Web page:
Common clay could curb methane emissions

Researchers in the US have developed an approach to control methane emissions using a common, inexpensive clay called zeolite.

methane emissions
Image credit: MIT

The MIT approach of the team, described in ACP environment Au, involves treating zeolite clay with a small amount of copper, making it effective at absorbing methane from the air, even at very low concentrations.

Co-author Desiree Plata, an associate professor of civil and environmental engineering, said that while many people associate atmospheric methane with drilling and fracking for oil and natural gas, these sources only account for about 18 percent of global methane emissions.

The majority come from sources such as slash-and-burn farming, dairy farming, coal and ore mining, wetlands and melting permafrost.

Zeolite is so cheap that it is currently used to make cat litter. In lab tests, tiny particles of the copper-reinforced zeolite material were reportedly packed into a reaction tube, which was heated from the outside as the gas stream — with methane levels ranging from just two parts per million to a concentration of up to two percent — passed through the tube.

This range includes everything that can exist in the atmosphere, the team said, down to flammable levels that can’t be burned or flared directly.

Plata said the process has several advantages over other approaches to removing methane from the air. Other methods typically use expensive catalysts such as platinum or palladium, require high temperatures of at least 600°C and complex cycling between methane-rich and oxygen-rich streams. This makes devices more complicated and risky, because methane and oxygen individually and in combination are highly flammable.


According to researchers, the new process has maximum effectiveness at about 300°C. It can also work at methane concentrations lower than other methods can handle, even small fractions of one percent, and it does so in air rather than pure oxygen.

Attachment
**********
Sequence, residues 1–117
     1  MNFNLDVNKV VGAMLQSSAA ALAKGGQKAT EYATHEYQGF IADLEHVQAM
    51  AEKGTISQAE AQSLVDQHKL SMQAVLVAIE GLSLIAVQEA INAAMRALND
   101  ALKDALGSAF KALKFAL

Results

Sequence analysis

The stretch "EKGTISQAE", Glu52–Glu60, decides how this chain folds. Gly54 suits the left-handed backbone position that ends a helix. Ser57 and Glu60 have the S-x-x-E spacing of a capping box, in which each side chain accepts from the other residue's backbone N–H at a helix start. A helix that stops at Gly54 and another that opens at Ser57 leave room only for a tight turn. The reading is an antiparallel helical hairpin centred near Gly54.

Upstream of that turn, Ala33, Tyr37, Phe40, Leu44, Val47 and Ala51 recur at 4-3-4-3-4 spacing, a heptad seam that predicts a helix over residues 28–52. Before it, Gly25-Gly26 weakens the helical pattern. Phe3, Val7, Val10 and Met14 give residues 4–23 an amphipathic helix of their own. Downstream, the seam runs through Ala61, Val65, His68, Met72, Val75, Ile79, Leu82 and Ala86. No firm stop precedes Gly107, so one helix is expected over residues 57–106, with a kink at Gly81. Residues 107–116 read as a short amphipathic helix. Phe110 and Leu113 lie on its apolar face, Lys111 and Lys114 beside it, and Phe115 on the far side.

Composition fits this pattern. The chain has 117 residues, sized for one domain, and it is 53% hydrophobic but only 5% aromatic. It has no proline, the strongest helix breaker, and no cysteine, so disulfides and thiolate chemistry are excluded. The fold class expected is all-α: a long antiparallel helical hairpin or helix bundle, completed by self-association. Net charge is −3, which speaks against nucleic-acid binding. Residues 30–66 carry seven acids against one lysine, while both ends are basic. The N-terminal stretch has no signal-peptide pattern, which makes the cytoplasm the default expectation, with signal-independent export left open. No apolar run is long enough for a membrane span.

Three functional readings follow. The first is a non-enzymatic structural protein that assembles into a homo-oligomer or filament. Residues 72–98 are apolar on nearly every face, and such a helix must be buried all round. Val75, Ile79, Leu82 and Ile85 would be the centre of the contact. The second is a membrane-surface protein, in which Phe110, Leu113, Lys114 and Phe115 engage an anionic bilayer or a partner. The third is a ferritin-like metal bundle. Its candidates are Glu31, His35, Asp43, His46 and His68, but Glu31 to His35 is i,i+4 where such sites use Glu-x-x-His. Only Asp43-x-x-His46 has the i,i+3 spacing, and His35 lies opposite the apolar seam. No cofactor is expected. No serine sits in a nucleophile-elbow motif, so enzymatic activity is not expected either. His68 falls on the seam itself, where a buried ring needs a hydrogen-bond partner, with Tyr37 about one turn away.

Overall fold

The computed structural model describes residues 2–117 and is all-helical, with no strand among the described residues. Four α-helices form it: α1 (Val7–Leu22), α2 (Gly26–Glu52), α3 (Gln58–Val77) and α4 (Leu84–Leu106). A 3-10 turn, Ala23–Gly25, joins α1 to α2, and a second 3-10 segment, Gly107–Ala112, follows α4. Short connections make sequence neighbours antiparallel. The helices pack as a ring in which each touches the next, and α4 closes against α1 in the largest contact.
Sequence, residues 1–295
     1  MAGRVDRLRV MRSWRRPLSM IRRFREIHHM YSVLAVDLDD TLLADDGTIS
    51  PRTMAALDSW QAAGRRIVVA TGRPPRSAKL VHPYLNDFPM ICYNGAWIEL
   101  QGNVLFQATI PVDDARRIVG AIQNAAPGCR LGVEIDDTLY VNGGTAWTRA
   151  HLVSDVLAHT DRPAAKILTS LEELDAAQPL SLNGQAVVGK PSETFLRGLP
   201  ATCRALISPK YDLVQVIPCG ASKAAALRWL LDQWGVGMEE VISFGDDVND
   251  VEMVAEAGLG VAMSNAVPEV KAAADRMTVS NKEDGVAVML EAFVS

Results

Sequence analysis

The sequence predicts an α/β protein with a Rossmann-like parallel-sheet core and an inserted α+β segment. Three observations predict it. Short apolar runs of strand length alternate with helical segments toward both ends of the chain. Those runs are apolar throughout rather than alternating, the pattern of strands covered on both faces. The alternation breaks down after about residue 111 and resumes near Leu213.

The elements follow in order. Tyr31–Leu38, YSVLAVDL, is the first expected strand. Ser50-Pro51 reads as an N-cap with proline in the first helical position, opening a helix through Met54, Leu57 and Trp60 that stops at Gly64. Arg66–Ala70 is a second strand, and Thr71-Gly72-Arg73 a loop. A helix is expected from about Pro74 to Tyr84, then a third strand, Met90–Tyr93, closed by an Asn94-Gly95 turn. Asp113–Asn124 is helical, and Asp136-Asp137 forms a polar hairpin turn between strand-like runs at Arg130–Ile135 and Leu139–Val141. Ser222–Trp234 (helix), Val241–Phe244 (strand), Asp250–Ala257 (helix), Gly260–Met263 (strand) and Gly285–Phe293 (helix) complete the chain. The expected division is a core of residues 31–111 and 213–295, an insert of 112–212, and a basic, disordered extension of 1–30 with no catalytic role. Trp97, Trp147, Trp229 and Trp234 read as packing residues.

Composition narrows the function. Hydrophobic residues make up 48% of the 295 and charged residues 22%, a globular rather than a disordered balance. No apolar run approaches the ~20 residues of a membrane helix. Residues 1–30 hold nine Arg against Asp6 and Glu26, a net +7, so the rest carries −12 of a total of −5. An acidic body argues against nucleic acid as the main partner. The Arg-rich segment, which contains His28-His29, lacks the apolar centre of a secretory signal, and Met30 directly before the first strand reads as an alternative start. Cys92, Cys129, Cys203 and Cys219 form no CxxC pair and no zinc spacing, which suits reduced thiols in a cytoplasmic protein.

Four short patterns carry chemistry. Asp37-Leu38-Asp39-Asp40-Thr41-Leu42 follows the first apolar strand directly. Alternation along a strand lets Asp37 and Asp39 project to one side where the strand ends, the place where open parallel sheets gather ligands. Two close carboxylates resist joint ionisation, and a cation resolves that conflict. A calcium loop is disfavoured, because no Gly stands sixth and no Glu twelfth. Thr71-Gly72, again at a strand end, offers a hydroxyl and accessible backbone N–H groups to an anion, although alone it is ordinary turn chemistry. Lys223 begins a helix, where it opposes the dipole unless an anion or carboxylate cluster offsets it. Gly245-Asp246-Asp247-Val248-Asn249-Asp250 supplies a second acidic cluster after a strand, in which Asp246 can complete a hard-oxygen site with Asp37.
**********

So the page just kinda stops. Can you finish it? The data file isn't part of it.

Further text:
The method converts the methane into carbon dioxide, which many people would see negatively because of global efforts to reduce carbon emissions, Plata said. But she pointed out that carbon dioxide has much less of an impact in the atmosphere than methane, which is about 80 times stronger as a greenhouse gas in the first 20 years and about 25 times stronger in the first century.

This is because methane in the atmosphere turns into carbon dioxide over time. By speeding up the process, researchers said the method would “drasically reduce” climate impact in the near term, and that even converting half of the atmosphere’s methane to CO2 would lower the latter’s levels by less than one part per million. increase (about 0.2 percent of the current atmospheric CO2) and a saving of about 16 percent of the total radiant heating.

The ideal location for the systems, the team concluded, would be in places with a concentrated source of methane, such as dairy barns and coal mines. These usually already have air handling systems, as a build-up of methane can pose a safety risk.

Adapting the technology to specific locations should be relatively easy, Plata said, but large amounts of gas don’t readily flow through clay, so the team’s next steps will focus on ways to structure the clay material in a multi-scale, hierarchical configuration. which will help airflow.

Rob Jackson, a professor of earth science systems at Stanford University, said: “We need new technologies to oxidize methane at concentrations lower than those used in flares and thermal oxidizers.

“There is currently no cost-effective technology for oxidizing methane in concentrations below about 2,000 parts per million.

“Many questions remain for scaling up this and all similar work: how quickly will the catalyst foul up under field conditions? Can we get the required temperatures closer to ambient conditions? How scalable will such technologies be when handling large volumes of air? ?”

A potential advantage of the new system is that heat is released during the chemical process. By catalytically oxidizing the methane, the process is effectively a flame-free form of combustion. If the methane concentration is above 0.5 percent, the heat released is greater than the heat used to start the process and can be used to generate electricity.

The team’s calculations suggest that in coal mines, enough heat can generate electricity on “the scale of a power plant” for the device to “pay for itself.” The team has been awarded a $2 million grant from the U.S. Department of Energy, which will now use it to demonstrate a proof of concept and eventually create more devices that can be compatible with existing air handling systems.

Abhishek Maheswari
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